There is a uniqueness to e x i l e that makes it captivating from start to finish. I can honestly say that I have never seen anything like it. It is deeply disturbing, startling, and at times unnerving. And yet, the performance provides for an unforgettable viewing experience.
As I entered the Corpus Playroom, it was immediately clear that e x i l e was going to be a play characterised by twists. All six actresses were in place prior to the performance starting; five sitting against the walls of the Playroom, and one, Medea (Niamh Curran) lying bloody and seemingly lifeless in the centre of the sandy stage. Indeed, the stage floor was transformed into a bed of sand, the desert scene emphasising the truly desolate nature of exile.
The plot centres on the relationship forged between the women as they struggle to survive. Members of the group originate from a variety of cultures and historical periods in time, including Ancient Athens and Nepal. Yet each woman shares one thing in common with the rest; she has been ostracised by her community. In a flashback Nepalese Samasti (Claire Takami-Siljedahl) chillingly relives her experience of being forced into a shed on the outskirts of her village due to starting her period, which is regarded as impure: ‘the gods were angry and their anger was red.’
There is an unmissable feminist tone throughout the play, which brings to light the brutal, cross-cultural maltreatment of women throughout history. Antoinette (Beatriz Santos) for example, recalls how she was locked in the attic of her Caribbean home by her husband, and Abhita (Ruby Kwong) is subjected to unimaginable violence after having been captured protesting outside Parliament. Her piercing screams echo in the mind of the viewer long after the conclusion of the play. Despite all this, however, the underlying message is one of hope rather than despair, as the bond which forms between the women is defined by sisterly strength in the face of oppression.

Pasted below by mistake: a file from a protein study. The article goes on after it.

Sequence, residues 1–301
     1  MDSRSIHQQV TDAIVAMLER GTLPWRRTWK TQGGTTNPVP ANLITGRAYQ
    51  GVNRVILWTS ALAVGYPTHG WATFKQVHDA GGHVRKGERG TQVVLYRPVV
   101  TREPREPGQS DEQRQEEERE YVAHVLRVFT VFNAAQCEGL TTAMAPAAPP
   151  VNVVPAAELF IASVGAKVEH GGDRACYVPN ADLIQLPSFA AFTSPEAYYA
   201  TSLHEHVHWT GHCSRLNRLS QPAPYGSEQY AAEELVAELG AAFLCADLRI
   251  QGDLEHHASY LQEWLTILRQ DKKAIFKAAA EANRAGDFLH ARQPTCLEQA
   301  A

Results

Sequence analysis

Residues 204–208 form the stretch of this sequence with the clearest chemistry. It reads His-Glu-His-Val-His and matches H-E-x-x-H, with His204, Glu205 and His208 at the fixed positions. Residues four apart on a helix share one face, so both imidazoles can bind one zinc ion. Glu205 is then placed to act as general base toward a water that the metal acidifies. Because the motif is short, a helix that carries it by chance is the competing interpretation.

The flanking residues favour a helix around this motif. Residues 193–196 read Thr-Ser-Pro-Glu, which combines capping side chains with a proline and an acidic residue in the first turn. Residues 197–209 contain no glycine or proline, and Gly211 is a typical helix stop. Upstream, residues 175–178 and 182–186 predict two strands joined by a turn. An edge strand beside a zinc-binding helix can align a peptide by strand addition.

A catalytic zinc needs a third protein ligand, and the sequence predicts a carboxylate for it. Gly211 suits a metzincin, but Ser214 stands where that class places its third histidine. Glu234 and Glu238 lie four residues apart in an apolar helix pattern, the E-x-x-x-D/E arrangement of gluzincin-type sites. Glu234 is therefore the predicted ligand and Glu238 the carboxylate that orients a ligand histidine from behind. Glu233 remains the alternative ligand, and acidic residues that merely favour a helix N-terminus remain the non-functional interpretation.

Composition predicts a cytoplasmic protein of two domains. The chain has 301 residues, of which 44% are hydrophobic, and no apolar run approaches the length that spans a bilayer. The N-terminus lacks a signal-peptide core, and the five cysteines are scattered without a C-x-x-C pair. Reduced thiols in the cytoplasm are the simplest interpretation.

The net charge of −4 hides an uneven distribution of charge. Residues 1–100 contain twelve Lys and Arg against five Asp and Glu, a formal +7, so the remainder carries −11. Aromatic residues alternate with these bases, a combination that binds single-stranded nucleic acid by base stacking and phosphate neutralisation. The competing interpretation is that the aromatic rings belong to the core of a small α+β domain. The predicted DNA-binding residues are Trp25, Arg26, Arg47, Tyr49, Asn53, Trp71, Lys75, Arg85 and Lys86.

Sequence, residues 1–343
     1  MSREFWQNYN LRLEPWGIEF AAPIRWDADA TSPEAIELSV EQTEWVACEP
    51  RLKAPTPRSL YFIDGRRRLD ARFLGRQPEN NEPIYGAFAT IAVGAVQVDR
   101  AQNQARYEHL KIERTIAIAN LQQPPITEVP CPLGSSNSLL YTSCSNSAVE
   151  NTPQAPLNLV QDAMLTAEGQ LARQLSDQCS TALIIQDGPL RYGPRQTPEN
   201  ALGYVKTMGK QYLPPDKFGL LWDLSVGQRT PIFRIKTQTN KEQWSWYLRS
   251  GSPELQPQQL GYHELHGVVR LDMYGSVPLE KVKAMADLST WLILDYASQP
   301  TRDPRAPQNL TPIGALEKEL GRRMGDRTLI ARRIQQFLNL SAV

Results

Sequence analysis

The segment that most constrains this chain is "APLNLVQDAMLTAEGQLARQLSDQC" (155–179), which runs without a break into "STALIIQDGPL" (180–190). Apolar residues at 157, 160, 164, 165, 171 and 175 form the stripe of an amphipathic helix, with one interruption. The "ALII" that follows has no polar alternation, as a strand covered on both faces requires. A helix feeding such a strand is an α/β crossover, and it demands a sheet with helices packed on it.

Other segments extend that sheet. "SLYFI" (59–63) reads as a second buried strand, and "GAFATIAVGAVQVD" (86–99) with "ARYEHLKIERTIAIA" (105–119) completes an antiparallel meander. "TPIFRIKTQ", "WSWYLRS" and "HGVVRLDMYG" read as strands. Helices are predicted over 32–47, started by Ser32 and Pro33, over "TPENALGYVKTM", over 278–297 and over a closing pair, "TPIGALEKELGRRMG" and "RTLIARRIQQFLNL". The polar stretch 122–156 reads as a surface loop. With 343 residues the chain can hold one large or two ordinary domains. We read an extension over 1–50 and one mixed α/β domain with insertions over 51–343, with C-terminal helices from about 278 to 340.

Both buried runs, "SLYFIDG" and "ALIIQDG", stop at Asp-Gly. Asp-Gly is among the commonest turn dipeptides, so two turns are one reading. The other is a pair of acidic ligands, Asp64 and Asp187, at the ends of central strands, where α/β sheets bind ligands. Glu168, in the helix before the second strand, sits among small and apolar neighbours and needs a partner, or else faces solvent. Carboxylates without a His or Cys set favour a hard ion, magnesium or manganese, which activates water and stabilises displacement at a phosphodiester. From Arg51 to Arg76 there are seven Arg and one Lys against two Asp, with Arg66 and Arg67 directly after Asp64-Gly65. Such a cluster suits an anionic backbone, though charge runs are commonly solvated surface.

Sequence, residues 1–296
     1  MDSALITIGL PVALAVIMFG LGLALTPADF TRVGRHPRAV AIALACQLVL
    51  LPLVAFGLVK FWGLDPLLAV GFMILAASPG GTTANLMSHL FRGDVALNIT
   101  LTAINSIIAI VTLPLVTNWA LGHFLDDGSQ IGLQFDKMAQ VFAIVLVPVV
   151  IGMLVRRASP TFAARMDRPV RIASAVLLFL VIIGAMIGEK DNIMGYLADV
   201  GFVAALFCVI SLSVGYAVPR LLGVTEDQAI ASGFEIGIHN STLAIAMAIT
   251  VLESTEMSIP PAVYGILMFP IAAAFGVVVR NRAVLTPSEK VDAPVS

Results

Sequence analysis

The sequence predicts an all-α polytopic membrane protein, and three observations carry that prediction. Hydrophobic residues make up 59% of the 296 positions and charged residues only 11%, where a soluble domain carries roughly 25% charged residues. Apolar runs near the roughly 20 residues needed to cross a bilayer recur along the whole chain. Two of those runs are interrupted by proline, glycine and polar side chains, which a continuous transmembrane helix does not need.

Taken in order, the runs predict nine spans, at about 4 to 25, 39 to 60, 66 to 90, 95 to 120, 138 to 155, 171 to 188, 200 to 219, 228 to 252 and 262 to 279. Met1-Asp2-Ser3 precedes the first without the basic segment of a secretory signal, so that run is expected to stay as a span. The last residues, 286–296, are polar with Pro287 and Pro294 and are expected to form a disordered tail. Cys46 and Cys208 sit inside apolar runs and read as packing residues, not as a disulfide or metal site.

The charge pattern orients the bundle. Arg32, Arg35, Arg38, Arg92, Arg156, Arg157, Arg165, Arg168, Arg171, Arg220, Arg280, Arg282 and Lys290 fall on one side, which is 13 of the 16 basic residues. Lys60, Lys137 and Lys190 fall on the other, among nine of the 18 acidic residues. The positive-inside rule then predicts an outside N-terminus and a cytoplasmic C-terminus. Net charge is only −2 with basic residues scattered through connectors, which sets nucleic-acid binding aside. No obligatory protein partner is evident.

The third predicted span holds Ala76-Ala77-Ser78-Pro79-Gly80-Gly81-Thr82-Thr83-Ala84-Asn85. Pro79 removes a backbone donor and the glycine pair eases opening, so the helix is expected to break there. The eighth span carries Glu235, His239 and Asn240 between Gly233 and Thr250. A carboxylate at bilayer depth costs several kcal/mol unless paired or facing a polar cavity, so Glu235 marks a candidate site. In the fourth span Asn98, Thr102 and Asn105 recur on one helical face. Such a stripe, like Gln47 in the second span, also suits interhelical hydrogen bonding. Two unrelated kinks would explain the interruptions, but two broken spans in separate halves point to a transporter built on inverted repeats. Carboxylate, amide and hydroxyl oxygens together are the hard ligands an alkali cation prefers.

The use of sound throughout the play was utterly transfixing – the work of composer Arthur Robjns cannot go unnoticed. His original soundtrack is serene, yet at the same time unsettling, perfectly capturing both the gravity of the situation and the strength of the six women. The sand is also used as a mechanism to create sound, as the women let it run through their hands and rub against their skin.
e x i l e is a play that cannot fail to intrigue, and is a must-see this week.